The Starts at 60 writers team seek out interesting topics and write them especially for you.

  1. He was never anywhere nearly as good as Elvis or a lot of other singers. Perhaps it was he himself who could not promote himself.

  2. Not surprised that the used Normie as a guinea pig to support the war effort. It’s sad that the radio stations forgot to support him while he was in the army. Elvis got much more publicity, and support. I don’t think he needed to go to a war zone either.

  3. I have seen Rowe on stage at a New Years Eve concert and in between every song he complained about the small audience. Every single time. Instead of doing his best for the audience that did pay to see him. He was NOT our answer to Elvis. The world moved on for everyone. It was a time of upheaval.

    5 REPLY
    • Similar when he came to our town many years ago. Our local band was backing him and he was really rude to the guitarist. Now I know the local was no professional but he was doing his best. Plus he would have been nervous as heck playing for a back then ‘star’. This begs the question why did Normie not bring his own backing guy? I never felt the same about him after seeing and listening to that episode.

    • Saw Normie years ago at Myer music bowl he was wonderful and later saw him at Coolangatta concert during wintersun where he complained about backing band all professionals and didn’t show him in a good light was terribly disappointed in his performance

  4. What a load of rubbish, fancy comparing him to Elvis!!!

    1 REPLY
    • It’s the unjust way he was sent that is the point of the topic.
      “His Dad said he was in Harold Holt’s office and Harold was struggling with popularity and the anti-war movement. The officer said to Harold Holt, ‘What you need is an Elvis Presley. Get Normie Rowe called up.’” Yep. You are famous so we’ll use you for our own ends. Not by ridiculous ballot but by deliberate selection. And he was not the only one called up this disgusting manner.

  5. I worked for a Vietnam Vet for a number of years. He said he and a few others were called up even though others of the same birthday weren’t. Just coincidence that they were all uni graduates? Just coincidence they were in tank corp? Could it be you need brains to calculate where the artillery will actually land? He was very bitter and twisted over it. Lovely but tormented man. Not mentally cut out for murdering the citizens of another country. War mongering Liberals then and still at it today. When will they ever learn? When will they ever learn.

    2 REPLY
  6. Oh I do remember Normie Rowe in his heyday. I believe that the Government will stoop to something as low as conscripting a popular entertainer to gain popularity. Back then We had to wait to be 21 years of age before we could vote. I have never voted for a Liberal Government ever and this is part of the reason because I just felt back then that it was rigged.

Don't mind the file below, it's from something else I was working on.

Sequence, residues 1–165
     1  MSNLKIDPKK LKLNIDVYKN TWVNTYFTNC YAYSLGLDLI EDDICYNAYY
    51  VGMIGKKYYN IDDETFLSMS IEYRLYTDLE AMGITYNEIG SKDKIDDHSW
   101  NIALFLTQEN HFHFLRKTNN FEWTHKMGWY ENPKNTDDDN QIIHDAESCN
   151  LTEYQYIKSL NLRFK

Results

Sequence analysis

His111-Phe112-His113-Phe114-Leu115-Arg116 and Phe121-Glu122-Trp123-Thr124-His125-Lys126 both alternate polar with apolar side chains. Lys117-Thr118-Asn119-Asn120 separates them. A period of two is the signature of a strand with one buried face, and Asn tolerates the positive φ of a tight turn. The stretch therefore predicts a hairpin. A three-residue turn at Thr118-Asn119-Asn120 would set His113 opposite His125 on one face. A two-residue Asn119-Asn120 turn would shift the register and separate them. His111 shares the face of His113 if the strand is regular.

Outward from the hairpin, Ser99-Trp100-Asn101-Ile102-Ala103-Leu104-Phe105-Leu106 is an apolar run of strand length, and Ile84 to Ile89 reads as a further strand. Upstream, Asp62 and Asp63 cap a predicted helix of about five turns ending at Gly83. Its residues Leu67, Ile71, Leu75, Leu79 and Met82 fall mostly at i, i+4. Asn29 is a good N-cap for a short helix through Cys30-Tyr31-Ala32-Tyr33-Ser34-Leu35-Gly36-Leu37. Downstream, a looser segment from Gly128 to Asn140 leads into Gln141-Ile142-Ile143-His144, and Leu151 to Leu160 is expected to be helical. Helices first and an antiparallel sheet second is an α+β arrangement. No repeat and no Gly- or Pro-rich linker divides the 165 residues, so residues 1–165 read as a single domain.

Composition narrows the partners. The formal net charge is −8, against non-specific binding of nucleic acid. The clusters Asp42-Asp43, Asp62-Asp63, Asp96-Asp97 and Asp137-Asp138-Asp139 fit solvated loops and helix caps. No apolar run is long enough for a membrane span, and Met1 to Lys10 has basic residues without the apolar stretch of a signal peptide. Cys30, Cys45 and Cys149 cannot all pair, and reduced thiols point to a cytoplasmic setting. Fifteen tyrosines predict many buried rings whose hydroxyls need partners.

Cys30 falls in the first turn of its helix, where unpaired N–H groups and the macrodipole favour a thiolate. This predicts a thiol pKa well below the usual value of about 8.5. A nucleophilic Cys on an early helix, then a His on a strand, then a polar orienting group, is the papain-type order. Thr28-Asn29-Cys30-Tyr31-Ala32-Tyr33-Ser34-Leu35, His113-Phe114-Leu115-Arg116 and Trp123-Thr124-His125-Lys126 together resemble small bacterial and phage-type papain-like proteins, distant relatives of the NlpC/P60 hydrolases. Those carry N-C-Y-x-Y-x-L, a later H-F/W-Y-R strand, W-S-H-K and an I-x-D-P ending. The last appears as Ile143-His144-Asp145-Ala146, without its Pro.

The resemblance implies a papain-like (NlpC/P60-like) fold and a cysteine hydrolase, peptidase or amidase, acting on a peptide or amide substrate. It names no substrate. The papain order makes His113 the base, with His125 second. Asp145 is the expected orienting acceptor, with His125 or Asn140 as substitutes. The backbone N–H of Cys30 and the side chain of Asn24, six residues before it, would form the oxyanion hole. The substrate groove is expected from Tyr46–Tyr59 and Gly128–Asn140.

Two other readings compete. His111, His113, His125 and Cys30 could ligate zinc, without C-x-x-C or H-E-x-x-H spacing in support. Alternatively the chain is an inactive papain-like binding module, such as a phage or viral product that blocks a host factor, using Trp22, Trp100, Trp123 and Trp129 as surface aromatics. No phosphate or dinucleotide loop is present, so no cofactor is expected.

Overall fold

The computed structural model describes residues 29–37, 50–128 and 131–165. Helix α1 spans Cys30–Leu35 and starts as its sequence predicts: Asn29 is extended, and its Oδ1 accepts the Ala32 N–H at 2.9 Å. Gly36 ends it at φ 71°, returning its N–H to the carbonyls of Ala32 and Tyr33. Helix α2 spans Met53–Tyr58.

He like many others have suffered PTSD and were so unsupported when they returned.

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    • Definitely believe this happened to Normie. I went to a concert of his at The Innisfail Shire Hall during the last 60’s. Still have one of the 45’s they were throwing off the stage into the crowd. His shows were so much fun!!

  7. Oh boy what a load of crap. Normie Rowe was no Elvis and yes he lost acouple of his best earning years in the entertainment industry. It is more probable that like so many of his peers he would have been yesterdays news by 1970 with or without Vietnam. Conscription ruined many lives. Normie Rowe is no indian in that regard.

    4 REPLY
    • Normie Rowe, didn’t say he was like Elvis. Harold Holt was the one that said they needed someone like Elvis was for the Yanks, to get back his popularity. Didn’t help, Holt as Normie Rowe, lasted longer than Holt.

    • Agree Tim , it was conscription ! Nothing more nothing less. Many didn’t return and those that did got treated pretty badly thanks to the Australian people and governments , RSL’s .
      So Normie Rowe , lost a possibly big singing career , he’s alive !
      I liked him , but he’s no more special than the rest of the people who were sent there.

    • I didn’t like him when I was a kid and that has not improved since the best thing and one and only thing I will remember him by was when he got punched in the head on the tv show. I saw him live in concert before he was draughted and let me tell you he was no Elvis.

    • He never said he was anything like Elvis! That analogy was used by others. It was all too convenient for the government at the time – and a lot of people were very suspicious about the whole thing. Why would he be called up and others with the same birthday not?